Opinion: Lawsuit seeking return of Little Bighorn artifacts

"Some 135 years after the carnage of the famous Battle of the Little Bighorn, another battle continues which seeks to hold the federal government accountable to "We, the People." The historic township of Garryowen is the subject of a struggle with the Constitution, the Bill of Rights, and We, the People — all under attack by a government that increasingly answers to no one.

For those new to my issues, in 2005 some two dozen heavily armed federal agents descended upon Garryowen in a raid to investigate the alleged crime of the sale of a 7th Cavalry uniform button on the Internet. For the next five years, the federal government held items it had seized, including artifacts, business records and collectibles from the businesses at Garryowen, including the Custer Battlefield Museum. Like other cases now reported around the country, no formal charges were ever filed. The matter was never brought before a judge. The federal agents, having prosecuted their cases without ever bringing charges, simply walked away, and those who were victimized by these agents were never able to face their accusers in court.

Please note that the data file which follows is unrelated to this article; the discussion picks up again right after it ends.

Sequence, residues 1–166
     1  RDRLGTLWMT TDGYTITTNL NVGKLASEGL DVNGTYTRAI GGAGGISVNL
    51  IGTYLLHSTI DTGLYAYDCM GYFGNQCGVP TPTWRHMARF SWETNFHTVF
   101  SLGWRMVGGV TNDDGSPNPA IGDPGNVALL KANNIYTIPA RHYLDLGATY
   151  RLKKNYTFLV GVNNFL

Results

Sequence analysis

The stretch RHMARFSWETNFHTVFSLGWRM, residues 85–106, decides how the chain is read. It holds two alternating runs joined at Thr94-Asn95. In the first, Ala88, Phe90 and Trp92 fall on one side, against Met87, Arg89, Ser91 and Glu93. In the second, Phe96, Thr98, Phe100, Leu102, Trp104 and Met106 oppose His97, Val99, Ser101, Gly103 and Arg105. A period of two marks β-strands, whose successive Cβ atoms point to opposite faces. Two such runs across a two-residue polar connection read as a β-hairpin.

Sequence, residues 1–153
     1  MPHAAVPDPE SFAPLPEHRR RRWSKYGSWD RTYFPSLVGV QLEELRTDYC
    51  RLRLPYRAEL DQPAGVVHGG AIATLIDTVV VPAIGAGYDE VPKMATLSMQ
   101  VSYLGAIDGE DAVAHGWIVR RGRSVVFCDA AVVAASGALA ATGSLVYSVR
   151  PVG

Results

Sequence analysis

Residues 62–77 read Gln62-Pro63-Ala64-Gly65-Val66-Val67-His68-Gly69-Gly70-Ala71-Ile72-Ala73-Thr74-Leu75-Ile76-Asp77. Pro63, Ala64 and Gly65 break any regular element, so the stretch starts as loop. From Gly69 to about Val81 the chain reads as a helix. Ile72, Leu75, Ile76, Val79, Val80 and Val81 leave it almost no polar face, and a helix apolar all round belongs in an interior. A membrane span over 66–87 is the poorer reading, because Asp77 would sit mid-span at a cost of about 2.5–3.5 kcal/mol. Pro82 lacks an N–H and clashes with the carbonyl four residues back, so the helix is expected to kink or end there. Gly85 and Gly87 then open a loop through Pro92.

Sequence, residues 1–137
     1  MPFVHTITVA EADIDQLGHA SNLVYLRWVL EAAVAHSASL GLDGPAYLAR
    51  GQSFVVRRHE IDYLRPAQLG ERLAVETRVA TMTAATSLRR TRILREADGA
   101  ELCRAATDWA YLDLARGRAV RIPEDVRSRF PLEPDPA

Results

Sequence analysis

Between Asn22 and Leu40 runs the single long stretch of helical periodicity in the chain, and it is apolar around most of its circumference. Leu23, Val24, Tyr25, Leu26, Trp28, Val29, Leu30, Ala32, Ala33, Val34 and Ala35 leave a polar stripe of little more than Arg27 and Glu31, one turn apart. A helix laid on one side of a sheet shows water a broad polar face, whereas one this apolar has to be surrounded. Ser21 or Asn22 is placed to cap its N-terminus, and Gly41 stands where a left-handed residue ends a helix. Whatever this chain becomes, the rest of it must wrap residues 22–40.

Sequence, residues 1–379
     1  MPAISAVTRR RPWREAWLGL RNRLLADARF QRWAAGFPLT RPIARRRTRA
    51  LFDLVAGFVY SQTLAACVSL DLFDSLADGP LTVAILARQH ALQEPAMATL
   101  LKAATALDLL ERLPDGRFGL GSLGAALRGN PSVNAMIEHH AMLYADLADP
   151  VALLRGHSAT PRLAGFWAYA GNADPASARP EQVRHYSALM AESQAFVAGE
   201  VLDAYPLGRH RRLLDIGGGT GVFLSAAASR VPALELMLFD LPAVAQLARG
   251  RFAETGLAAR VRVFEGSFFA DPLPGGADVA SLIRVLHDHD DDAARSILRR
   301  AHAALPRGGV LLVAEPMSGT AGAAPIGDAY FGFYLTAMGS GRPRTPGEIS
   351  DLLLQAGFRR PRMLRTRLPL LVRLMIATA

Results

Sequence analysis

Federal agents were able to destroy my businesses and my reputation, but because no one was ever charged with a crime, the law does not recognize that my constitutional rights were violated. At least, that was the decision of a federal court judge when the agents involved were sued in 2011."

Get the Story:
Christopher Kortlander: U.S. government is enemy in Custer artifact battle (The Billings Gazette 2/2)

Also Today:
Garryowen dealer seeks return of seized Custer museum artifacts (AP 1/29)

Join the Conversation